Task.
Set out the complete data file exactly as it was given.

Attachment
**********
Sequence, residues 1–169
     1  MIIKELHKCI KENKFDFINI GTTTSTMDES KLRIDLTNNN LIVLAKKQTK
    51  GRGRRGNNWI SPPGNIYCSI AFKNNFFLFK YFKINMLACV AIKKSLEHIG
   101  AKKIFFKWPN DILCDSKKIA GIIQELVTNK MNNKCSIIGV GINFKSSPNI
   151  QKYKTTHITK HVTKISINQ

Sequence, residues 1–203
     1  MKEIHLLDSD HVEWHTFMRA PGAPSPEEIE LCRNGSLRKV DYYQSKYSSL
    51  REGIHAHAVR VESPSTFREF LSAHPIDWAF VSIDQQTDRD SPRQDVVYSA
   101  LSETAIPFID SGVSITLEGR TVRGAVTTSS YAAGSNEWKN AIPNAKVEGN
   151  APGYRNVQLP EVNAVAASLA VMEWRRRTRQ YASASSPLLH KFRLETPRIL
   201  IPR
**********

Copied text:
Sequence, residues 1–169
     1  MIIKELHKCI KENKFDFINI GTTTSTMDES KLRIDLTNNN LIVLAKKQTK
    51  GRGRRGNNWI SPPGNIYCSI AFKNNFFLFK YFKINMLACV AIKKSLEHIG
   101  AKKIFFKWPN DILCDSKKIA GIIQELVTNK MNNKCSIIGV GINFKSSPNI
   151  QKYKTTHITK HVTKISINQ

Sequence, residues 1–203
     1  MKEIHLLDSD HVEWHTFMRA PGAPSPEEIE LCRNGSLRKV DYYQSKYSSL
    51  REGIHAHAVR VESPSTFREF LSAHPIDWAF VSIDQQTDRD SPRQDVVYSA
   101  LSETAIPFID SGVSITLEGR TVRGAVTTSS YAAGSNEWKN AIPNAKVEGN
   151  APGYRNVQLP EVNAVAASLA VMEWRRRTRQ YASASSPLLH KFRLETPRIL
   201  IPR